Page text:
If you’re a new parent, you know the drill: to prevent SIDS, put your baby to sleep on his back in a crib free of pillows, blankets and bumper pads.
Now, a new U.S. study in Pediatrics says that while safe sleeping campaigns have helped reduce infant deaths during sleep, more needs to be done to prevent SIDS—factors like smoking during pregnancy, prenatal exposure to drugs and alcohol can all increase the risk, while better prenatal care and increased rates of breastfeeding can help protect infants from SIDS.
Researchers looked at data from 947,156 infant deaths over three decades, from 1983 to 2012. During that period, SIDS rates declined 71.3 percent. But according to the study’s authors, while SIDS deaths seem to have hit a plateau, the rates of other sleep-related deaths (accidental suffocation or strangulation in bed) have increased. With all of these diagnoses included (SIDS, strangulation, etc), the authors point out that the rate of all infant deaths has actually not gone down since the late 1990s.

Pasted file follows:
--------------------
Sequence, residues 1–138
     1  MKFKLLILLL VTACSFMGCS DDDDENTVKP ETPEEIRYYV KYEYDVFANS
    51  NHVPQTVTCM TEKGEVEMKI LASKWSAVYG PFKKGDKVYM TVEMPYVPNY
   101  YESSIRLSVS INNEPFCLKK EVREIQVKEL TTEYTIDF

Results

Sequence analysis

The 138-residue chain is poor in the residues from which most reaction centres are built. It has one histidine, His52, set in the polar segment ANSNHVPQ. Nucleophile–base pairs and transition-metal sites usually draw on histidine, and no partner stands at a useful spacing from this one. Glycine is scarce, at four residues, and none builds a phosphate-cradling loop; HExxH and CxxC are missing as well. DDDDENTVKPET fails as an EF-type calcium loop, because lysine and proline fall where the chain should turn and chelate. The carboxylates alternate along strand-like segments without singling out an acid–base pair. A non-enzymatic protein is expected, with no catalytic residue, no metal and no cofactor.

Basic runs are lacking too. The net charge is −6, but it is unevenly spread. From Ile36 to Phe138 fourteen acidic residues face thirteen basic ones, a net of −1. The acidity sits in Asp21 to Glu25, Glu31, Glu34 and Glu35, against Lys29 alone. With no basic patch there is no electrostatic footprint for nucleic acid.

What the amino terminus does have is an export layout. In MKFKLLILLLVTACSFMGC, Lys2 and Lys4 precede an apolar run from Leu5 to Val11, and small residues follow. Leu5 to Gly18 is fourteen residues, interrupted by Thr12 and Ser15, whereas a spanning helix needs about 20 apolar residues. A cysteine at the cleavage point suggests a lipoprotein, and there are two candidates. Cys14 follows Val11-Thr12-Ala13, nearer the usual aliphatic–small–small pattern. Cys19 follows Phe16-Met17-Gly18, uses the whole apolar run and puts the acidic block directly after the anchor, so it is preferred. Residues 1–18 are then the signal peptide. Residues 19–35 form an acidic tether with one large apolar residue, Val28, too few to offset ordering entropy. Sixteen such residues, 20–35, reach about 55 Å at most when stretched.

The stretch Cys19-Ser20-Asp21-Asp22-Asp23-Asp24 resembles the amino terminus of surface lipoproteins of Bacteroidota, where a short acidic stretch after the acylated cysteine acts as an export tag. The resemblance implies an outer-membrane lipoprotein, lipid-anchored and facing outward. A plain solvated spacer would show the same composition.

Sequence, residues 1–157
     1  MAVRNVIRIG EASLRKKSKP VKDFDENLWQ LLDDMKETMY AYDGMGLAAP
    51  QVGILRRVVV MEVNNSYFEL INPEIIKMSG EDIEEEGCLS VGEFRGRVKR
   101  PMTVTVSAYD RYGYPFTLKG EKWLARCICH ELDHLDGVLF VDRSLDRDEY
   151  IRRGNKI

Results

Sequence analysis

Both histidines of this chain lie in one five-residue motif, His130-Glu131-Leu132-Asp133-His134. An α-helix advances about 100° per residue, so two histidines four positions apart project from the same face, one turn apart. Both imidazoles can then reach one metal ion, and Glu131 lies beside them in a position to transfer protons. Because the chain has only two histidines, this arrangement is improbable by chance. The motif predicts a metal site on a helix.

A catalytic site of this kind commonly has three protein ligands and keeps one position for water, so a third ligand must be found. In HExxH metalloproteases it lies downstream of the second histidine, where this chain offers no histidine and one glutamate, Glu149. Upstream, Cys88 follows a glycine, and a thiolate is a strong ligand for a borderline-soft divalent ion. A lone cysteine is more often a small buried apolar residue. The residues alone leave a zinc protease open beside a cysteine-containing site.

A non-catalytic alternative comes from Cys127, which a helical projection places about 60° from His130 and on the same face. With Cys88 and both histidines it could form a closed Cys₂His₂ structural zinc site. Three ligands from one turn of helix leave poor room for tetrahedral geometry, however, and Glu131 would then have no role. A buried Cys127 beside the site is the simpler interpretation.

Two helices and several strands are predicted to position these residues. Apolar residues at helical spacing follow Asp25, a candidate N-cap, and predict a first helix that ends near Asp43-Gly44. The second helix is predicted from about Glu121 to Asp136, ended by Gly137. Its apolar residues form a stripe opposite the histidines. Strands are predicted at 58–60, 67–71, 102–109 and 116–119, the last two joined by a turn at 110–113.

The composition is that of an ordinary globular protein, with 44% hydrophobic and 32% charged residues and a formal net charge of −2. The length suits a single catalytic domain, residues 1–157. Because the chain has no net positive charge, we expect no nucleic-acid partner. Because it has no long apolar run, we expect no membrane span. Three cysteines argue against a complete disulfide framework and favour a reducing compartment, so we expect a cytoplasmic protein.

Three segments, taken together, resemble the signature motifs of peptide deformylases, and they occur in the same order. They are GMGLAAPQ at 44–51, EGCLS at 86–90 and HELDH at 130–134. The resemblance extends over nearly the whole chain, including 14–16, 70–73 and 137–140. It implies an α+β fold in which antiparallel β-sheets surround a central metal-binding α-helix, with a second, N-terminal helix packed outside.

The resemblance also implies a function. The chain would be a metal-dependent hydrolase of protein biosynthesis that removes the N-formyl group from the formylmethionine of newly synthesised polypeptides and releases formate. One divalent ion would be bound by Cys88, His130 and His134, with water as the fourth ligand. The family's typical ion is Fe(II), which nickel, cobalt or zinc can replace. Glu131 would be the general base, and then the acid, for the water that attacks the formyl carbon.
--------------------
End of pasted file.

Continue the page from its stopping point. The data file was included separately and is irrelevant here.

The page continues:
“If we are to further impact infant mortality rates and eliminate SIDS, focus on the sleep environment will continue to be important, but will likely be insufficient,” the study’s authors write. “Public health efforts will need to also focus on decreasing intrinsic risk through promotion of smoking cessation, elimination of in utero drug and alcohol exposure, increased rates of breastfeeding, and access to high quality prenatal care.”
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